Europe approves first gene therapy for retinal dystrophy
On Nov. 23, the European Commission approved the first gene therapy for the treatment of inherited retinal disease related to a mutation of the RPE65 gene. Luxturna will be authorized in all 28 EU member states as well as Norway, Iceland and Lichtenstein.
The ophthalmology community reacted with great enthusiasm. Not only is an option now available for patients who were blind from an early age, but also an important first step has been made into a new era. Luxturna (voretigene neparvovec, Novartis) is the result of 20 years of research, preclinically and in humans, and may be the icebreaker in the field of genetic therapy in ophthalmology.
“We are all excited. After 10 years of studies in humans, we have been able to produce convincing evidence for both the FDA and the [European Medicines Agency] that this therapy is safe and effective. European patients will now also be able to have the treatment,” Bart P. Leroy, MD, PhD, ophthalmologist and clinical geneticist, professor and head of ophthalmology at the University Hospital of Ghent, Belgium, and director of the Retinal Degenerations Clinic at Children’s Hospital of Philadelphia, told Healio.com/OSN. The product has been available on the U.S. market since March.
The RPE65 gene encodes an essential enzyme in the retinal pigment epithelium (RPE) that plays a key role in the metabolism of vitamin A and thus in the biochemical cascade that enables photoreceptors to translate light into electrical signals. Biallelic RPE65 gene mutations lead to retinal dystrophies.
“Making an educated estimate, RPE65-related retinal dystrophies affect approximately one in 200,000 people, many of them still undiagnosed. Hence, up to 35,000 people in the world could potentially benefit from this therapy,” Leroy said.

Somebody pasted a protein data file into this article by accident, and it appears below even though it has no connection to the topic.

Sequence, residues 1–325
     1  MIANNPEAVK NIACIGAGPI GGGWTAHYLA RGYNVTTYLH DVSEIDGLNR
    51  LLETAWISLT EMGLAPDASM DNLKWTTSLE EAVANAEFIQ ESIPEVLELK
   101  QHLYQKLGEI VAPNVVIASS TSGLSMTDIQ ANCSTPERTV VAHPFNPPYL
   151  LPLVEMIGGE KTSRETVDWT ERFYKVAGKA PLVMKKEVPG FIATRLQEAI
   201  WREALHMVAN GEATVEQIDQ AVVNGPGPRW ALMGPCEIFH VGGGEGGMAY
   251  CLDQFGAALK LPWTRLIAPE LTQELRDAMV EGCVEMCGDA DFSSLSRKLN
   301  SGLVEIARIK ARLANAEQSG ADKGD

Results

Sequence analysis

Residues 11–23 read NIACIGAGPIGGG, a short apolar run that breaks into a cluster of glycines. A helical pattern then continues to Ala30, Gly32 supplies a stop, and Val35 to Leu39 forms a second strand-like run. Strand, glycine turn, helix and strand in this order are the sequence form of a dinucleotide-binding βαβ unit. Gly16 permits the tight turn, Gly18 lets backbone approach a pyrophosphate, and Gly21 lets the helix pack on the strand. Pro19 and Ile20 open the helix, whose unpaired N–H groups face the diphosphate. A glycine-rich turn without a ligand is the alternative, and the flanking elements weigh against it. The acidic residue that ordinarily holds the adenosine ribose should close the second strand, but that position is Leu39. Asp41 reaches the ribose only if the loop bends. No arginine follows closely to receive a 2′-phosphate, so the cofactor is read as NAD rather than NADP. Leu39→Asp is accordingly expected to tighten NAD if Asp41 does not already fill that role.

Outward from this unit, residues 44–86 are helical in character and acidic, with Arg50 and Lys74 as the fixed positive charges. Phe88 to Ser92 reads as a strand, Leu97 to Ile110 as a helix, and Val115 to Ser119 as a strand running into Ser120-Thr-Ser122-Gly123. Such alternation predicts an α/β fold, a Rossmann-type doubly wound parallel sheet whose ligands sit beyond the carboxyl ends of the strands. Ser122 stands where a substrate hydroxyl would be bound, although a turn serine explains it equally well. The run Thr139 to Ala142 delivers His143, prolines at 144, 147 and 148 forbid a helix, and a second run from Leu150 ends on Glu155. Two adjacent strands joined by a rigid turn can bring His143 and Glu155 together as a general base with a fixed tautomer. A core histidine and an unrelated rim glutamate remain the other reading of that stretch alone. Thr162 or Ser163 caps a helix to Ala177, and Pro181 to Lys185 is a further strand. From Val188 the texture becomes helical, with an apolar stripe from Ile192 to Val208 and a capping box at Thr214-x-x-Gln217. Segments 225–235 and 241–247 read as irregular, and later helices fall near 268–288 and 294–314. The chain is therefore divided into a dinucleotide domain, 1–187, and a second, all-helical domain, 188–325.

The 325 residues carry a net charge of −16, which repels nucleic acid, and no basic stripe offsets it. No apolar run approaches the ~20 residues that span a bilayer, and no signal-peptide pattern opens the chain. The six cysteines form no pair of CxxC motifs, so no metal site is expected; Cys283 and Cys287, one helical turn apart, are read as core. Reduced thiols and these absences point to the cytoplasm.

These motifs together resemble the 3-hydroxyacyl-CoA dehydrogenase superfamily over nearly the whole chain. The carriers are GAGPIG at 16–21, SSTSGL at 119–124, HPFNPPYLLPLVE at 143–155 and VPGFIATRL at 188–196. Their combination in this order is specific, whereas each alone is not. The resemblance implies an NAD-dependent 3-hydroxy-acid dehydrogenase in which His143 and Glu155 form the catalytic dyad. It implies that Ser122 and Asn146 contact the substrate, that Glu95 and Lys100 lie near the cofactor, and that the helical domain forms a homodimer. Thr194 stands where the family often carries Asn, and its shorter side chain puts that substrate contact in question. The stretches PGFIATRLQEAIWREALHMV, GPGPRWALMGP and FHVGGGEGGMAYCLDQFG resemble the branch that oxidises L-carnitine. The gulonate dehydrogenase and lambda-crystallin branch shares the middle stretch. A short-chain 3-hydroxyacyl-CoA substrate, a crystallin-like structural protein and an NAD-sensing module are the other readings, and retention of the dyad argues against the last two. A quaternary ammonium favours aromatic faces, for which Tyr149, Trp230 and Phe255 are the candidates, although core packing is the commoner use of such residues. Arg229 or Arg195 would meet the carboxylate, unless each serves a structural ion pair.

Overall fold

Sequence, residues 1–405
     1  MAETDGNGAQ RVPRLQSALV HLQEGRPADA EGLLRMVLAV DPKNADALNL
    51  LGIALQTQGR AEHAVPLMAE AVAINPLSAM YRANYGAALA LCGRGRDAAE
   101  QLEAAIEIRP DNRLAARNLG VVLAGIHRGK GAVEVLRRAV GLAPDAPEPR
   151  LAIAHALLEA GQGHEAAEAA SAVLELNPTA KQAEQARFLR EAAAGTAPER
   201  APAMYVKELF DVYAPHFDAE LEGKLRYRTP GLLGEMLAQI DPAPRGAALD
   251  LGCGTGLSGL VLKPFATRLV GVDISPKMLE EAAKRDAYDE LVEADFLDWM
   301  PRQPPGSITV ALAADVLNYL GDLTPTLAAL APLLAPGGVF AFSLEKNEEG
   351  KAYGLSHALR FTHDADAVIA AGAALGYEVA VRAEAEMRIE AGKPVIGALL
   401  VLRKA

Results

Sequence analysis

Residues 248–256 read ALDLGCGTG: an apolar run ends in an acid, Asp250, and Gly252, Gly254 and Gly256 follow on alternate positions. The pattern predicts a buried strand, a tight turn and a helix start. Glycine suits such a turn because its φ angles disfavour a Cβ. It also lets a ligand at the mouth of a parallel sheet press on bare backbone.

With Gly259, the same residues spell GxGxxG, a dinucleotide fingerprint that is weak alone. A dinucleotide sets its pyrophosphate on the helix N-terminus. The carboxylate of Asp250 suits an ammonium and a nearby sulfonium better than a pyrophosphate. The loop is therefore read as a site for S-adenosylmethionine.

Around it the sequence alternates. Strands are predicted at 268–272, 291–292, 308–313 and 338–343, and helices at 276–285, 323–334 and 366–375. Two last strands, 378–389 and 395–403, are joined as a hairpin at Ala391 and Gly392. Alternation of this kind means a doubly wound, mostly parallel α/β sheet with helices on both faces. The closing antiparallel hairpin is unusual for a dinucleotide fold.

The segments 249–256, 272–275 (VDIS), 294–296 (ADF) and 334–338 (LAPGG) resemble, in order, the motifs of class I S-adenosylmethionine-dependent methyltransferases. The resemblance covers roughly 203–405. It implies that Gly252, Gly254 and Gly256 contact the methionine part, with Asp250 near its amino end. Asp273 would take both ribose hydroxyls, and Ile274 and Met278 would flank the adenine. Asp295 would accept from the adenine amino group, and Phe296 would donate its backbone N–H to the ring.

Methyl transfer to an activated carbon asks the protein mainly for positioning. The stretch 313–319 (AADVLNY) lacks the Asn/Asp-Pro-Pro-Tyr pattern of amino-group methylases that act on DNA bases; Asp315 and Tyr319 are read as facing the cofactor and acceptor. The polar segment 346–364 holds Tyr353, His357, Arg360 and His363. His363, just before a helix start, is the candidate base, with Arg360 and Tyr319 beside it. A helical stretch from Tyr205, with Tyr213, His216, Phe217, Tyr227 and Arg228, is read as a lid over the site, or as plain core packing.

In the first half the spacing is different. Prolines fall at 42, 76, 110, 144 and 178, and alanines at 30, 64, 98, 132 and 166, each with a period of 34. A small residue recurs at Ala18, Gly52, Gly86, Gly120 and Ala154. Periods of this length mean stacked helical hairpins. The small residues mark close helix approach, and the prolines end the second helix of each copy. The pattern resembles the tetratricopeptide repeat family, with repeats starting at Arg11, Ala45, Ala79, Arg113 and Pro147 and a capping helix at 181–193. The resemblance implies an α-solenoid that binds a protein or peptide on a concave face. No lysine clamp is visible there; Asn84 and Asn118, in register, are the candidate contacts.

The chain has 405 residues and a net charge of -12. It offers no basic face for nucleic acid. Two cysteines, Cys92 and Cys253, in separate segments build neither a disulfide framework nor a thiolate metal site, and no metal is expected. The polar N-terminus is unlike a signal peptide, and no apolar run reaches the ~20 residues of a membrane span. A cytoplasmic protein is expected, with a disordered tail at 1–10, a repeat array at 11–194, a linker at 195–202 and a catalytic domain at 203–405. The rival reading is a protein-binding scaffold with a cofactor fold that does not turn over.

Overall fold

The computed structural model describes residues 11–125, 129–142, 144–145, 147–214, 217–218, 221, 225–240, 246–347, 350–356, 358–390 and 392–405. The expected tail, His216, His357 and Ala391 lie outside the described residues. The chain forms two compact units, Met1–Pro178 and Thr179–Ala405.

Luxturna has been shown to be beneficial in children from 4 years of age, as well as in adults who retain viable cells in the retina, approximately up to the age of 40 to 50 years or older. Children from the age of 1 year onward can be treated. The treatment is injected in a single administration after pars plana vitrectomy, in the subretinal space, between the photoreceptor layer and the RPE.
“It is a drop of liquid, 300 mL, which holds 150 billion viruses that target the pigment epithelium. In a couple of hours, the liquid is pumped away, the vectors enter the RPE cells and deliver a novel copy of the RPE65 gene to the nucleus,” Leroy said.
The novel multi-luminance mobility test showed improvement in the ability of patients to navigate a course accurately, the majority even at the lowest light level.
“In real life I can illustrate this with what two young boys, now two young men, said after the treatment already 10 years ago. One of them, when leaving the hospital in Philadelphia, said, ‘Mammy, I can see the city lights with my operated eye and not with the other.’ He also said, ‘It’s fantastic, you have blue eyes.’ The other boy told me that in the evening he was able to see the white stripes of the pedestrian crossing with his operated eye. After 10 years, these results are maintained,” Leroy said.
The effect produced by the treatment is a significant light sensitivity improvement, he said.
“[Best corrected visual acuity] does not improve in all patients, as should be expected in patients who have had limited neurovisual development. However, increased light sensitivity constitutes a major improvement in the patient’s life,” he said.
It will now be up to the national health services of individual countries to implement reimbursement policies for Luxturna.
“Novartis is working closely with all stakeholders to help ensure that eligible patients can start benefiting from this treatment as quickly as possible once reimbursement decisions are available in 2019 and 2020,” according to a Novartis press release.
“This is really an exciting time,” Dirk Sauer, global development unit head, Novartis Ophthalmology, told Healio.com/OSN. “Back in 2005, when I started to work in the ophthalmology area, I had the privilege to be involved in the development of Lucentis, giving wet AMD patients a treatment which improved their vision — this didn’t exist before. Now I am witnessing the advent of a second major breakthrough,” he said.
He believes that the next 10 years will be the time of gene therapy in ophthalmology.
“Gene therapy will be the answer for a number of rare diseases in ophthalmology and eventually could even be effective in more frequent diseases like AMD. A company like Novartis, very impressive in this space, continues to be a pioneer in this area,” he said. – by Michela Cimberle
For more information:
Bart P. Leroy, MD, PhD, can be reached at Department of Ophthalmology & Center for Medical Genetics, Ghent, Belgium; email: email@example.com.
Dirk Sauer can be reached at email: firstname.lastname@example.org.
Disclosures: Leroy reports he works with Novartis, Bayer, Second Sight and other companies that finance research in his hospital but has no personal financial interest. Sauer reports he is global development unit head of Novartis Ophthalmology.